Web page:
Dear Alice,

I performed oral sex on a guy last night, and it only took him like 30 seconds to come. I stopped after that, and then he said something like, "Wow, that was quite fast." I didn't know if he meant I went too fast and should have kept going, but I didn't see any reason to keep going if he already came. Or, do you think that he was referring to how long it took him to come? It was fast. I guess my question is, is that normal for a guy to come after only like 30 seconds? Did that mean I did a good job, he, he? :o ) Thanks

Dear Reader,

Hard to say which elements of your oral sex session figured large and small into your partner's ejaculation rate, as each participant brings a unique mix of complex physical and emotional ingredients that affect thoughts, blood flow, arousal, sensitivity, and other important sex components. These factors determine the intensity and duration of erections, amount of lubrication, sharpness of the senses, and yes, the length of time between the start of arousal and orgasm. Combine all that with the pressure, texture, temperature, and movement of tongues, lips, fingers, et al, and it becomes pretty difficult to determine and predict, from sex play date to sex play date, what will happen and how long it will take.

For some guys, going from "zero to sixty," or in your partner's case, from "zero to thirty," is their standard stimulation to ejaculation time, while others get revved-up for ten minutes, a half-an-hour, or more before climaxing. If a guy feels as though he comes too quickly (usually called premature ejaculation) and longs for more time to enjoy the stimulation that precedes orgasm, he and his partner can try some different things to "last longer." The Related Q&As listed below describe these methods.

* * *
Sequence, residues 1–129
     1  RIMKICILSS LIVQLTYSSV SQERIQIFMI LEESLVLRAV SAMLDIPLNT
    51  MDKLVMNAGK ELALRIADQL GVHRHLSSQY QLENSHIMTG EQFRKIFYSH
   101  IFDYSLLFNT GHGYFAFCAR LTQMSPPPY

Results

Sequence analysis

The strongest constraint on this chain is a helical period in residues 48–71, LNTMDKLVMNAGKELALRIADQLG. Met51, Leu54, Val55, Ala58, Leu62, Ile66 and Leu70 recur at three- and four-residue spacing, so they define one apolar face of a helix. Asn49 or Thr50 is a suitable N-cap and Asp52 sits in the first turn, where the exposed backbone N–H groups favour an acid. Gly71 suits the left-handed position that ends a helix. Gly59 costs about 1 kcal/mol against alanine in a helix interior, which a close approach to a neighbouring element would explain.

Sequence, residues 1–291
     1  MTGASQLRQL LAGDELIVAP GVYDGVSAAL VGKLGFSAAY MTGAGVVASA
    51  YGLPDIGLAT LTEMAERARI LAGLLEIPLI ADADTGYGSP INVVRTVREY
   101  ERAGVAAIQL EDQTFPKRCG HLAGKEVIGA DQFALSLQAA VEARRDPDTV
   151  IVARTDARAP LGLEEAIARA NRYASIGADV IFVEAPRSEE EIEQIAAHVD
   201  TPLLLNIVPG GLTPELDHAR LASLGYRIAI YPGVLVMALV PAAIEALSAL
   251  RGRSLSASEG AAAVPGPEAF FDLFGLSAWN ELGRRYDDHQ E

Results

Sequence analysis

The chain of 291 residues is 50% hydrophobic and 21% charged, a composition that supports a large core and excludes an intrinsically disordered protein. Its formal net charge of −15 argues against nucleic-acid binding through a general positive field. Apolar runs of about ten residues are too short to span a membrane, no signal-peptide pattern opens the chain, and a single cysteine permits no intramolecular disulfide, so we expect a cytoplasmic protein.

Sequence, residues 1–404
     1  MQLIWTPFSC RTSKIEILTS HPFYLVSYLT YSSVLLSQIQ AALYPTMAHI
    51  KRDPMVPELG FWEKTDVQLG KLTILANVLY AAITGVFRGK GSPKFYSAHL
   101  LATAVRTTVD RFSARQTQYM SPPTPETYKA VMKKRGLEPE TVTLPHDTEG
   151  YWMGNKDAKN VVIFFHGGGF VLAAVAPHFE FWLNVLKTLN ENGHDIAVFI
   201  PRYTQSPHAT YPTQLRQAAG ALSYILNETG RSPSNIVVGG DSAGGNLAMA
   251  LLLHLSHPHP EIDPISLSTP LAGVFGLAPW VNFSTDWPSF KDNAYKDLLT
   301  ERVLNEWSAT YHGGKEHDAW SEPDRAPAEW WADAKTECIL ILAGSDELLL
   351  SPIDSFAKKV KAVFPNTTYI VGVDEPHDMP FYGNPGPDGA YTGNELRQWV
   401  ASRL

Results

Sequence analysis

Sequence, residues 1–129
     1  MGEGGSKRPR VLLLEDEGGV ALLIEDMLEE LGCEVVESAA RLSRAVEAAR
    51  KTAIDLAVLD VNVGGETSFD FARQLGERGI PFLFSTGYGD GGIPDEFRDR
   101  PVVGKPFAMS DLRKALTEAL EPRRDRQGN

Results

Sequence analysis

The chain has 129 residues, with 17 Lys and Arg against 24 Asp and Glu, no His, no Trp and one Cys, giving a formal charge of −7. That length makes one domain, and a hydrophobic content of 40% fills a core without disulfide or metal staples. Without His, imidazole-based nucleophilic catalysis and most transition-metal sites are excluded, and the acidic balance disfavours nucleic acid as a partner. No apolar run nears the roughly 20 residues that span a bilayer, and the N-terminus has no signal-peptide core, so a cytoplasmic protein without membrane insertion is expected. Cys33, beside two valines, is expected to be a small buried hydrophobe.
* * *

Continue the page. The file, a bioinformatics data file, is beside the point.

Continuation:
If this partner is someone you'll see again, you might come right out and ask him if what you're doing feels good, and if he'd like you to go faster, slower, harder, softer, etc. Since there are two of you, he can also check in with you to see if you're having a good time. You may have done a "good job," as you put it; the way to find out for sure is to use your mouth in another way and have a conversation about the sex you're having — something that you can also do before you have it as a route to consensual, safer, and more pleasurable relating sexually, or just as two people who care about each other.


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